- The South Korean defense ministry has determined that North Korea’s recent launch of their most powerful intercontinental ballistic missile (ICBM) to date was staged.
- The ministry found that what was previously thought to have been a Hwasong-17 missile was actually a Hwasong-15, a smaller ICBM previously tested in November 2017.
- Their analysis was based on the missile’s combustion, acceleration and stage separation times. They also found that the ICBM had only two engine nozzles as compared to the Hwasong-17, which is known to have four nozzles.
- South Korean lawmaker Ha Tae-keung believes the launch was likely staged to make up for a failed test of the real Hwasong-17, which exploded after its liftoff from the North Korean capital on March 16.
South Korean officials said today that North Korea’s recent launch of their most powerful intercontinental ballistic missile (ICBM) to date was staged using an older missile.
The purported launching of a Hwasong-17 missile on March 24 also came with a Hollywood-style propaganda film of North Korean leader Kim Jong-un overseeing its “success.”
- North Korea’s Hwasong-17 missile launch featured a dramatic action movie-like video of Supreme Leader Kim Jong-un and his military officials as they oversaw its success.
- The 15-minute segment, which was aired on state television, featured the North Korean leader and military officials walking in slow-motion with the missile behind them.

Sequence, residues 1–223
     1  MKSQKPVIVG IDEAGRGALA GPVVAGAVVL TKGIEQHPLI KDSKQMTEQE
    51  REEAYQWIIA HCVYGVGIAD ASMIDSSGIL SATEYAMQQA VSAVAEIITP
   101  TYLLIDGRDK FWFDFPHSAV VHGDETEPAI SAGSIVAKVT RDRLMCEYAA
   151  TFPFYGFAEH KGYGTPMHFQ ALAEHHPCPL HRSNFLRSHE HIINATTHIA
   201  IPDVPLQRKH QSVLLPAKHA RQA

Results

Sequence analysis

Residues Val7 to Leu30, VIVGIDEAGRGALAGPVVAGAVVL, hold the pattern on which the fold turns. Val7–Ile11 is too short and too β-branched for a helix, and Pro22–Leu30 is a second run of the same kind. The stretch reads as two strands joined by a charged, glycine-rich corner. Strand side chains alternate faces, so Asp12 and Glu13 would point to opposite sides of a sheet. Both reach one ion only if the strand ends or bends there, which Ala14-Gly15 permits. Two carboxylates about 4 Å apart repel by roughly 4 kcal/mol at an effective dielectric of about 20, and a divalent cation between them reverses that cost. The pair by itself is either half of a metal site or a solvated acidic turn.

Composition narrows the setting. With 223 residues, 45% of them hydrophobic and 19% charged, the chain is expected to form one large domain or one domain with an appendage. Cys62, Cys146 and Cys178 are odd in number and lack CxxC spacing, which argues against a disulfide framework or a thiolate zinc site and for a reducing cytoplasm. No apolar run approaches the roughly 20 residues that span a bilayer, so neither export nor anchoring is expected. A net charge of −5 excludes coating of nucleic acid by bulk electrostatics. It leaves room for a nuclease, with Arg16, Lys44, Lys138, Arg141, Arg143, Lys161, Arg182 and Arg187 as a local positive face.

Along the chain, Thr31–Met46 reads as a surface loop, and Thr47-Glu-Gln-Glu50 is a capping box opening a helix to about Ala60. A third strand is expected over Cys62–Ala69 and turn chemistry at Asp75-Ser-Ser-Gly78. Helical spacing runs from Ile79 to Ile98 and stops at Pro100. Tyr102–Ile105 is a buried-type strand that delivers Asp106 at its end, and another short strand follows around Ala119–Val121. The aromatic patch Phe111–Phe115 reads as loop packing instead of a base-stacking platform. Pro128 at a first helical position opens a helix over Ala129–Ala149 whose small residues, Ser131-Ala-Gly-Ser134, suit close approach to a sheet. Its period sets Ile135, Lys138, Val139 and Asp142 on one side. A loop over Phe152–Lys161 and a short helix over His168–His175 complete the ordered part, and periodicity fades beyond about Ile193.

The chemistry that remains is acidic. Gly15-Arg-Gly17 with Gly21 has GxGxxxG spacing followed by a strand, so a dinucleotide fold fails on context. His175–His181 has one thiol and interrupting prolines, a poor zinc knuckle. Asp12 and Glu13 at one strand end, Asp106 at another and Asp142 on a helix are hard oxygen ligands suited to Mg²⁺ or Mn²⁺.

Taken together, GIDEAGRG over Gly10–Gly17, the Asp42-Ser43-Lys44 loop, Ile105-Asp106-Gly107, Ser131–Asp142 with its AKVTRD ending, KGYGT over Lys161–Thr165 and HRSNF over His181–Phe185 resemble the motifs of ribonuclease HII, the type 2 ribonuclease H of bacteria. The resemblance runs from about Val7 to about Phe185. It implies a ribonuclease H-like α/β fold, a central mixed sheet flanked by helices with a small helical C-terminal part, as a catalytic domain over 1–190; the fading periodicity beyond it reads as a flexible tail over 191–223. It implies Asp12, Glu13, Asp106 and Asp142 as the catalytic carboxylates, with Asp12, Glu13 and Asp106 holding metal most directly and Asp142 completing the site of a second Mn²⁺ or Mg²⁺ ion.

- Kim was also seen removing his black sunglasses and checking his watch in slow-motion before the video showed enchanting shots of the Hwasong-17 missile.
North Korea’s most powerful intercontinental ballistic missile (ICBM) launch yet featured a dramatic, Hollywood-style film of Supreme Leader Kim Jong-un and his military officials as they oversaw its success.
The 15-minute segment was aired on state television on Friday afternoon to highlight the importance of the launch for Kim. The stylized action movie-like video featured the North Korean leader and military officials walking in slow-motion with the missile behind them.
Several Japanese workplaces reportedly texted their employees to get to work soon after the North Korean missile passed through the country’s airspace.
On Tuesday, North Korea had tested yet another Intermediate-range Missile that overflew Hokkaido, Japan, which triggered the country’s missile siren and sent out a J-Alert message that advised everyone to seek shelter, The Guardian reported.